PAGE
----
KANSAS CITY, Mo. — Gripping testimony from two 1983 sexual assault survivors marked the first day Monday of the Kansas City serial rape trial in Jackson County Circuit Court.
But not a word of it implicated the man on trial, Bernard Jackson, 53, who is accused of four rapes of women who lived alone in the Waldo neighborhood of Kansas City in 1983 and 1984. Both women who testified Monday acknowledged under questioning that they could not identify Jackson as their attacker.
Prosecutors told jurors Monday that they would hear critical evidence — DNA evidence identifying Jackson to a mind-boggling certainty — later this week.
But on Monday, Jackson and the jurors heard his alleged victims recount in painful detail the horror of their assaults almost 28 years ago. They gave similar testimony of how they were attacked in their homes.
Throughout their testimony, Jackson sat quiet and still, occasionally raising his eyes to the witness, but otherwise turning his head down slightly to the defense table in front of him.
Police arrested Jackson, a suspect in a string of more recent sexual assaults in the Waldo area, in May 2010 after testing determined that his DNA matched that of biological evidence in the 1983-84 attacks. He also has been charged for two of those recent assaults, but will stand trial for them later.
Both women who testified Monday recalled being awakened early in the morning by a shadowy figure entering their darkened bedrooms. Both were blindfolded, bound and raped after the intruder ransacked their homes for valuables.
The survivor of a July 30, 1983, rape told jurors she first saw her attacker early that morning.
"I saw a man crawling on the floor, coming from the living room into the bedroom," she said. "I screamed and he jumped on top of me and put his hand over my mouth."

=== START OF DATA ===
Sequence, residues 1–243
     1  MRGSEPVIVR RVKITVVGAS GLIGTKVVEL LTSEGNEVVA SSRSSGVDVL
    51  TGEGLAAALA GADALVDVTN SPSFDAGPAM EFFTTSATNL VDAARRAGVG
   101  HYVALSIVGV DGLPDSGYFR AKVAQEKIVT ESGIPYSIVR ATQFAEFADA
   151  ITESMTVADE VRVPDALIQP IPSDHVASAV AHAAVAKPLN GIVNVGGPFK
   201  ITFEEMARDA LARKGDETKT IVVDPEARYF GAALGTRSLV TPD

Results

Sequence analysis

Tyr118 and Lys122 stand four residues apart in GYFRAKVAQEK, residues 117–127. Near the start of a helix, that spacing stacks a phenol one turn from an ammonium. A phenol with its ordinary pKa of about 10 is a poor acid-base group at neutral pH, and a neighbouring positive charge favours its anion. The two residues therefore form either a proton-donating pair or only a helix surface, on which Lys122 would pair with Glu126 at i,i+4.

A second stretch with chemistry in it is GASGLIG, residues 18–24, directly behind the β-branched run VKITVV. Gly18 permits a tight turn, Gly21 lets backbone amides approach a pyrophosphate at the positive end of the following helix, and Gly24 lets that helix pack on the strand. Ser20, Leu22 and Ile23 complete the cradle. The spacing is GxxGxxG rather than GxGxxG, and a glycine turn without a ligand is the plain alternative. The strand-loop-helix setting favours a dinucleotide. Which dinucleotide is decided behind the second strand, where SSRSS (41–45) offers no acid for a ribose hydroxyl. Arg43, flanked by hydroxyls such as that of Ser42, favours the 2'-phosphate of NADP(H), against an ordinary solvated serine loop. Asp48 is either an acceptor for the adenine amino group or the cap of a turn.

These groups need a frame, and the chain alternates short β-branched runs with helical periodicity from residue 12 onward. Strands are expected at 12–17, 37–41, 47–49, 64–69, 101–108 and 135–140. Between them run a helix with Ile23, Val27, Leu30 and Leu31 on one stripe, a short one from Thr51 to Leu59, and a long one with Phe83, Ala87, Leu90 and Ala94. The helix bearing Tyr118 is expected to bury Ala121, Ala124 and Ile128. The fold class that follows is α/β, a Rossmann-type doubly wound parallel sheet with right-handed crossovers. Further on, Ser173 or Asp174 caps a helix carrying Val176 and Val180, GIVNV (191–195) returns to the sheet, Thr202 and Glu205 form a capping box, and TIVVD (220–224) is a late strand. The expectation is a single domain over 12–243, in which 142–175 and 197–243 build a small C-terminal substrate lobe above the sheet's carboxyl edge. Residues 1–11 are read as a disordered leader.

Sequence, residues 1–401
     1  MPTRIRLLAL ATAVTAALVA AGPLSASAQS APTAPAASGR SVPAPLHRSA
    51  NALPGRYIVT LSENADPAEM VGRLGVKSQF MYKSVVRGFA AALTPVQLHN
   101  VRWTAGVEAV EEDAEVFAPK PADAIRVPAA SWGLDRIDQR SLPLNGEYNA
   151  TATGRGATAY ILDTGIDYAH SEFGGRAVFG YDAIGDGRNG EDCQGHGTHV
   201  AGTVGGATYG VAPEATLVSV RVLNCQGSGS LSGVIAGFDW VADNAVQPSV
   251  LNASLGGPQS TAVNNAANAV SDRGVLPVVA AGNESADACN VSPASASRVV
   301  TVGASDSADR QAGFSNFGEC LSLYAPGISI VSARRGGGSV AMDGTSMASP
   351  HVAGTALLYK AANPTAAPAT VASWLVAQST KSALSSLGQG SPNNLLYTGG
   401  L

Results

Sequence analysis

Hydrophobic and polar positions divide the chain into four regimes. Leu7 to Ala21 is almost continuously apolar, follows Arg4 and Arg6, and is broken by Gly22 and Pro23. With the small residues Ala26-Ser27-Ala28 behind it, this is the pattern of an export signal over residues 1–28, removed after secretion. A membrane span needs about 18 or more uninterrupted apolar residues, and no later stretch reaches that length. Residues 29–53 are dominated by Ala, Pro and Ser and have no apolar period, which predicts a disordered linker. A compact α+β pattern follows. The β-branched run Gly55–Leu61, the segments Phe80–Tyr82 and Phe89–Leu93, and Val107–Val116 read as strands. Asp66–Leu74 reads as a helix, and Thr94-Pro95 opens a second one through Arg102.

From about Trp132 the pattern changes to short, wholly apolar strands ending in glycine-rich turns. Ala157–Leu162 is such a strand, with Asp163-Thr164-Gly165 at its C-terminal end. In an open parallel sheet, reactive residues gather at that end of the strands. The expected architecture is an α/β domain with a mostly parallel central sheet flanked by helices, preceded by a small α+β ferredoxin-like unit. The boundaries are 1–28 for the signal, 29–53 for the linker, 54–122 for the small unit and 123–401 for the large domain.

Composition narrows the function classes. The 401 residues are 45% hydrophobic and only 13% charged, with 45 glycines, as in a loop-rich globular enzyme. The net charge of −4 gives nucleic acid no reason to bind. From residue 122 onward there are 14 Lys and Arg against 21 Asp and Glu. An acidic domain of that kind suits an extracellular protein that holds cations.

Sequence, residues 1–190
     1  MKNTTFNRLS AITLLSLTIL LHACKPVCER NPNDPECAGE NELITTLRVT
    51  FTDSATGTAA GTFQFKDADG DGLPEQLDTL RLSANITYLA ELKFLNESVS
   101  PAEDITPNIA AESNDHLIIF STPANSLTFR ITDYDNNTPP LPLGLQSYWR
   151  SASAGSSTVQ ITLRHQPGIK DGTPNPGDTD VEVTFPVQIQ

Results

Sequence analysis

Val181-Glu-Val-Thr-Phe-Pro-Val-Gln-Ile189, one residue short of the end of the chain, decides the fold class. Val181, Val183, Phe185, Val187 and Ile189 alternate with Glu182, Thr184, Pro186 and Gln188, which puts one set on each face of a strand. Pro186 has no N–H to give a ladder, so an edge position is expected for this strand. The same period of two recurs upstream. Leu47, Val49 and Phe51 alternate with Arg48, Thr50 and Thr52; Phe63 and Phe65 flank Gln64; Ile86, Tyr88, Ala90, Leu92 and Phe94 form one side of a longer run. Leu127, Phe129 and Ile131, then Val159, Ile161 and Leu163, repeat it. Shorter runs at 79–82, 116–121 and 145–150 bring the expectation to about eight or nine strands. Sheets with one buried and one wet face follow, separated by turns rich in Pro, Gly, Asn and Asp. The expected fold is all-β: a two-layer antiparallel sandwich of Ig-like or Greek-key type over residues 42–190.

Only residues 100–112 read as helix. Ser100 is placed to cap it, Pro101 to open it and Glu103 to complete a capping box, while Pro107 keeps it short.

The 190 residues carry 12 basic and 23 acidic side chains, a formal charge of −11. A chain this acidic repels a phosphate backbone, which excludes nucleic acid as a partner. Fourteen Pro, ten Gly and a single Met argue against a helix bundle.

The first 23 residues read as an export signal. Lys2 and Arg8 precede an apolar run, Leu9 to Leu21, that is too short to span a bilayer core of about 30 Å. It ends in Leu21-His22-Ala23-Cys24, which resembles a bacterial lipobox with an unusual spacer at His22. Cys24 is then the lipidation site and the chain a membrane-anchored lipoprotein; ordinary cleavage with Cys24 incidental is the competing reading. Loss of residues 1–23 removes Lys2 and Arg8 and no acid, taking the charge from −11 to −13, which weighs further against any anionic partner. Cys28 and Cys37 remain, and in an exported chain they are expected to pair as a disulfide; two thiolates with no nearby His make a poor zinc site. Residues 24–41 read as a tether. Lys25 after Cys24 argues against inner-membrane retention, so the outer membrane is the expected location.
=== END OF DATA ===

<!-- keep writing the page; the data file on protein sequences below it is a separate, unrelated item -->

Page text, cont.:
Her voice quavering, the woman described how her attacker bound, blindfolded and then twice raped her.
"I was just so scared," she said. "I feared for my life. I'd never been through that. I didn't grow up that way."
Under cross-examination, the woman acknowledged that she never has been able to identify her attacker and even once rebuffed an interview with a police officer months after the attack, saying she was busy at work and needed to get on with her life.
A second woman, who was assaulted just before Halloween 1983, recalled waking up after returning from a party to her home. She said she saw a dark silhouette in her bedroom doorway. At first, she wondered if it was a friend who occasionally stopped by her house.
"The first thing I said was, 'Larry, is that you?'" she told jurors. "There was no response. ... Very quickly he was at my bed with a gun at the back of my neck."
She, too, was bound and blindfolded. The woman said she responded by speaking with the intruder, until he gagged her. "I tried to talk to him, until he hit me," she testified. "He told me to shut up."
The intruder plundered her purse and jewelry box and then tried to rape her on a living room sofa, the woman testified. After she resisted, he put her on the floor, hands tied behind her back, and raped her there.
Like the first woman, the second acknowledged under cross-examination that she could not identify her attacker because he deliberately hid his face and then blindfolded her.
Both women suffered from fears and nightmares for months after the assaults.
Though the experiences remained vivid for the women, the passage of time had dimmed the recollection of others who testified Monday. A doctor, a nurse and a former police office all had to rely on decades-old notes and reports to testify as to what they did in the subsequent investigations.
Some acknowledged that they had no real recollection of the events at all.
In opening statements, lawyers laid out the evidence and suggested how jurors should view it.
Assistant Jackson County Prosecutor Ted Hunt told jurors they would see convincing DNA evidence from each of the four cases, establishing Jackson as the rapist. Only one in 143 quadrillion people would have that DNA sequence, investigators say.
Defense lawyer Carie Allen said that her case would focus not on the women who were assaulted, but on the procedures and storage of the DNA evidence in the years since the assault.
"Crime labs do mess things up," Allen said. "They might not want to admit it, but they will say they are human. Crime lab mistakes lead to innocent people being convicted of horrific, horrific things."
The trial will resume Tuesday morning.